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May 28: Isaiah 29
Deuteronomy 1; Psalms 81–82; Isaiah 29; 3 John
The king of Israel will be tempted to trust in an alliance with Egypt, instead of God, writes Isaiah. Here in chapter 29 he focuses particularly on Jerusalem, nicknamed “Ariel” (1). It’s a play on words: “Ariel” can mean either “lion of God” or “altar hearth” - the place where the sacrifice was burned up. Thus Jerusalem could be the glorious walled refuge of David, or a place that God will encircle, besiege and threaten (3). Behold the kindness and severity of God, Paul will later say (Rom. 11:22).
God promises to save them, not Egypt (5-8). But the people cannot believe this - they are blinded (11-12). But this is because God made them blind (9-10). So why would God do this?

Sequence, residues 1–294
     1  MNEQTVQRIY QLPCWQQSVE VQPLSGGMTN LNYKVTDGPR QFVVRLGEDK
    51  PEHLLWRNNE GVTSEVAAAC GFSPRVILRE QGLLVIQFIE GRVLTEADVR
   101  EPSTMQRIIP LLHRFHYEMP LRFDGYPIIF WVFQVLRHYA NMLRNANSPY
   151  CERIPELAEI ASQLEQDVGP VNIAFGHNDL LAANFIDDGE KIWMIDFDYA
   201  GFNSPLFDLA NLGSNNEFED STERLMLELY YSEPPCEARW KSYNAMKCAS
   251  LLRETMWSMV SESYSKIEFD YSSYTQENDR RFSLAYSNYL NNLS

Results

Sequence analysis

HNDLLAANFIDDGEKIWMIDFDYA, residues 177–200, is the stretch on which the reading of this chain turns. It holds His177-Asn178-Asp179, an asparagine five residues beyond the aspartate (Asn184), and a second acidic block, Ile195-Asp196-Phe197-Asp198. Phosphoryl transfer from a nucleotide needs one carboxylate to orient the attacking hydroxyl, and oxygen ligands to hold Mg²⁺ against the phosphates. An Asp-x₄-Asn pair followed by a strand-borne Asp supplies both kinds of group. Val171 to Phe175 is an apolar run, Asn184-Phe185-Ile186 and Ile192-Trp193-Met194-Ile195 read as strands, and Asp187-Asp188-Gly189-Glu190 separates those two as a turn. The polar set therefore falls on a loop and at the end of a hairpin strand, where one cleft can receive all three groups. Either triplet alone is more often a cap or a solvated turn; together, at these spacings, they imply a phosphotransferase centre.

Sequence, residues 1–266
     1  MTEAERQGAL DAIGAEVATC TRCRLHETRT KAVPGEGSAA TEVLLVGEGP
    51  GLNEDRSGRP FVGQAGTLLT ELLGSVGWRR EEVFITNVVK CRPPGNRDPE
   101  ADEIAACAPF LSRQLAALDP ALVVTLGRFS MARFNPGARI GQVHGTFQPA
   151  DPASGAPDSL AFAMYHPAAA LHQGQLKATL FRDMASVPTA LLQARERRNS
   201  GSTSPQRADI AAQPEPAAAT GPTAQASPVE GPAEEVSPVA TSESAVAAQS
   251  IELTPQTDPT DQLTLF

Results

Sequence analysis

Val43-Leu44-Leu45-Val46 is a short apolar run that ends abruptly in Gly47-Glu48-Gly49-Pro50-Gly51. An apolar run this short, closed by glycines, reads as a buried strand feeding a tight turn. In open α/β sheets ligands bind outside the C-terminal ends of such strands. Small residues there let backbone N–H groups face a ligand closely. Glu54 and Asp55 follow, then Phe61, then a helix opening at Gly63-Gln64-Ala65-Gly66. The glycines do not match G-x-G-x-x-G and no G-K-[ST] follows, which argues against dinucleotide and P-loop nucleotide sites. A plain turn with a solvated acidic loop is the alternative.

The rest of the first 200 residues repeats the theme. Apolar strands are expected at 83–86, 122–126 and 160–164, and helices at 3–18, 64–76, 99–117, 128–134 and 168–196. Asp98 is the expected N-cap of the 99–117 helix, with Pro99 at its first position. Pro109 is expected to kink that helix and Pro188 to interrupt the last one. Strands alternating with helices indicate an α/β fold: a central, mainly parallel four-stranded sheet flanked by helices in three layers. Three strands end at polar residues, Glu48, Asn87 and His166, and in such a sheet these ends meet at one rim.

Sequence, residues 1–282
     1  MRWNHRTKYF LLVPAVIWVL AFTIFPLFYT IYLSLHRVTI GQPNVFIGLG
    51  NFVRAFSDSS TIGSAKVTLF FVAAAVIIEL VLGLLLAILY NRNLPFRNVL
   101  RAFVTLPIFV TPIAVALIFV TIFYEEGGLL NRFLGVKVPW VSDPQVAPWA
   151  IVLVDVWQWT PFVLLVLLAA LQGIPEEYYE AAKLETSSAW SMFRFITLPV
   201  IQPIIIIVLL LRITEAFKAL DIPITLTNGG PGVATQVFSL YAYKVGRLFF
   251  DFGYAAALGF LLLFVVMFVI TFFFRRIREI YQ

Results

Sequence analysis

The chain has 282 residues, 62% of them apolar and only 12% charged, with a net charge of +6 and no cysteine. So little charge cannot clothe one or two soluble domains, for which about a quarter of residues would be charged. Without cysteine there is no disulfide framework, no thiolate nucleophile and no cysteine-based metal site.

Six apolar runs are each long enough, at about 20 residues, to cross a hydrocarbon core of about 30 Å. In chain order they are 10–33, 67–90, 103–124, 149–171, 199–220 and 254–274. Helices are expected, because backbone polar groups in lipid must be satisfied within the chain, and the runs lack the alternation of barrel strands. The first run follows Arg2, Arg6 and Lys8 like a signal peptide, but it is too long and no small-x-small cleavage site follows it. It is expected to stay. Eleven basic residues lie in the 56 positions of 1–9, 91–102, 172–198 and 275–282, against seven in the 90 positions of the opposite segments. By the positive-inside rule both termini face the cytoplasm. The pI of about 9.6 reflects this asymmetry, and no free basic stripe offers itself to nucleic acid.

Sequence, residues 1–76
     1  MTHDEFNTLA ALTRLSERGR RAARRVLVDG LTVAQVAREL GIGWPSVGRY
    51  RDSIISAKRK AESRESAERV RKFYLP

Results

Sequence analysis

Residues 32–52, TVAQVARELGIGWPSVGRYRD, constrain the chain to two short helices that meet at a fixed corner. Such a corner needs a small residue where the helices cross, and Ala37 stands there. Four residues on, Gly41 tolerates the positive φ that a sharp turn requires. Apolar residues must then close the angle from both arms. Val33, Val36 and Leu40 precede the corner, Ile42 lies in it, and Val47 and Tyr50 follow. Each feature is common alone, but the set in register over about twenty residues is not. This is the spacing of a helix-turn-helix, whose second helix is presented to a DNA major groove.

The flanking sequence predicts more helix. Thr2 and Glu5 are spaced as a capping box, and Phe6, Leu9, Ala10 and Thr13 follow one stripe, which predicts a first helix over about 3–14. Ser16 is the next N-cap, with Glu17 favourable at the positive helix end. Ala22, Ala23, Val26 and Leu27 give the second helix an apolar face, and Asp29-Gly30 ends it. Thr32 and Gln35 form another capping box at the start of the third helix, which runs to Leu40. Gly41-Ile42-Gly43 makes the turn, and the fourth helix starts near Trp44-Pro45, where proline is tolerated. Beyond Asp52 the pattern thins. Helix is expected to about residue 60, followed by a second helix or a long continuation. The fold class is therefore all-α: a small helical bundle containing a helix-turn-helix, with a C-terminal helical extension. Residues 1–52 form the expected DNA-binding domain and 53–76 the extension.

The problem is not with their intellects, but that their hearts bend away from God (13). So God blinds them, and then shames the “wisdom” of the wise (14-15). Should someone ask, why would God choose Israel, only to do this to them? That’s upside-down; He is the potter (16; see Rom. 9:21).
And one day soon, God will open their eyes; the blind shall see (18). There will soon come a day when “Jacob” shall bear many children (see Isaiah 53:10), and they will glory in the “holy one of Israel” (23). The vision is fulfilled beyond Isaiah’s horizon: to do all this, it will take a gory cross, and an empty tomb.